Worldwide Gearing Ratio
Tax deductions will be based on a company’s entire global operations, not just what they do in Australia.
Labor is proposing to amend the current thin capitalisation rules to reduce the amount of debt that multinational companies can claim deductions for in Australia. Companies will no longer be able to claim up to a 60 per cent debt-to-equity ratio for their Australian operations. Instead, deductions will be assessed on the debt-to-equity ratio of a company’s entire global operations. This means that if a company has an average 30 per cent debt-to-equity ratio across its different subsidiaries, it will only be able to claim tax deductions up to that level.
No Tax Cut for Billion-Dollar Multinationals
Labor supports small businesses, not tax cuts for billion dollar multinational firms.
The Government has proposed a $65 billion tax cut for banks and multinationals. Labor will stop this tax cut for the big end of town. Labor believes this revenue should be used to fund schools, protect families and improve the budget bottom line.
Closing Every Loophole
Remove tax advantages and inconsistencies used by multinationals
Multiple Entry Consolidated groups are corporate groups, treated as a single taxpayer, consisting of Australian-resident entities that share a common ultimate foreign owner. Labor will accept Treasury recommendations to remove unintended beneficial tax outcomes for such groups compared to Australian tax consolidated groups.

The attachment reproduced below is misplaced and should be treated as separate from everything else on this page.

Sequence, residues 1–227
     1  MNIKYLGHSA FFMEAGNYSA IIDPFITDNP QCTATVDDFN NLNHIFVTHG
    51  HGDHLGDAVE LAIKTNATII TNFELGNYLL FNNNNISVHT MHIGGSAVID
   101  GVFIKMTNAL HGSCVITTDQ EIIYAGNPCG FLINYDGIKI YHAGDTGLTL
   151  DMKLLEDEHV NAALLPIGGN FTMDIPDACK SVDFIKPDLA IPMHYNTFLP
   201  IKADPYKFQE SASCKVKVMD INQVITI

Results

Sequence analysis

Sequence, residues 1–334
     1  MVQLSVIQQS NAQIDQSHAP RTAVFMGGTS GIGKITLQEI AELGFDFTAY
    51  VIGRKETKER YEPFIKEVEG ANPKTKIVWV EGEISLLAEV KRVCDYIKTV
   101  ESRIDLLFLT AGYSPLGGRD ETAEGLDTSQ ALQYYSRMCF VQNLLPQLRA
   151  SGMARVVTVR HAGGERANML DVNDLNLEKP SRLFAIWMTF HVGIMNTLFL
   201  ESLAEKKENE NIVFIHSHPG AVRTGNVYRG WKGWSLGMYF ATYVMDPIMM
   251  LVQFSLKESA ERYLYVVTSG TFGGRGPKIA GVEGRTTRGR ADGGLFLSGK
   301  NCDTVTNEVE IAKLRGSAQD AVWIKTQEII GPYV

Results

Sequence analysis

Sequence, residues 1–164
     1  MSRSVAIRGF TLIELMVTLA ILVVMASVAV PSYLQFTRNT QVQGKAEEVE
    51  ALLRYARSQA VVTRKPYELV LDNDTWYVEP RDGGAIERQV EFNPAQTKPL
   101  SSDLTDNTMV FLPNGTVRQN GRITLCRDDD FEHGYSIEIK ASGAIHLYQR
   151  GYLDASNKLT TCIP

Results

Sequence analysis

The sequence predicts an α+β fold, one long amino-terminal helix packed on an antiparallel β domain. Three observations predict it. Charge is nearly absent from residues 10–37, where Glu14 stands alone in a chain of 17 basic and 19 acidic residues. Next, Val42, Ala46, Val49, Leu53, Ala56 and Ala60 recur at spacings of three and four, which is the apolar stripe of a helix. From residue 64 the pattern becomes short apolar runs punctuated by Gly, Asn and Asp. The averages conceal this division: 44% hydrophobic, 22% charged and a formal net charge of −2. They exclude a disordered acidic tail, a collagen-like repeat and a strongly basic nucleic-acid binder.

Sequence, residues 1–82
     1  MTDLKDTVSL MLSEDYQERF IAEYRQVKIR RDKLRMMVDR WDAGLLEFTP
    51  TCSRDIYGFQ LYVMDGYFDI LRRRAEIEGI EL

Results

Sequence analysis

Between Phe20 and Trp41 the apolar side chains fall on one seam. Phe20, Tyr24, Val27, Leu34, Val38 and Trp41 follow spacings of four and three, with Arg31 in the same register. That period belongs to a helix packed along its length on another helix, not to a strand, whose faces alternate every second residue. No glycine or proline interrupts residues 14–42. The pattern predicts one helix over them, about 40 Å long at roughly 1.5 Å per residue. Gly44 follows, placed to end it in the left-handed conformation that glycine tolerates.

Restore Public Reporting Integrity
Restore the $100 million threshold for reporting the tax affairs of large private firms.
Labor’s original threshold was watered-down in a dirty deal between the Coalition and the Greens last year, with 600 companies being shielded from public scrutiny as a result. This reform brings them back in line with public companies.
More Voices at the Tax Table
Ensure a community sector representative is on the Board of Taxation
The Board of Taxation is a non-statutory advisory body that provides the Government with real-time advice on tax policy issues by contributing a business and tax community perspective to improving the design and operation of taxation laws. Tax advisors and multinational companies are well represented on the Board and this potentially skews the interests and feedback given by the Board.
Increased ATO Compliance
Improving compliance with the ATO by providing effective funding.
Labor is proposing that the Australian Tax Office has the resources it needs to properly investigate and pursue multinational profit shifting. Evidence in Senate estimates, and from the Australian Tax Commissioner himself, showed additional compliance from the Tax Office is yielding greater revenue from multinationals. Evidence in House estimates shows investing in the ATO can yield up to $6 for every $1 invested.
Public Reporting of Worldwide Tax Affairs
Tax information about where and how much tax was paid by large corporations will be released publicly.
The proposal would require the Australian Taxation Office to make country-by-country reports (excerpts) publicly accessible. This would be high level data on how much tax is paid in jurisdictions the firm operates, the number of employees, and related material. The EU is implementing this measure. Public disclosure would make country-by-country reporting much more useful to developing countries, other businesses, shareholders, civil society, academics and journalists.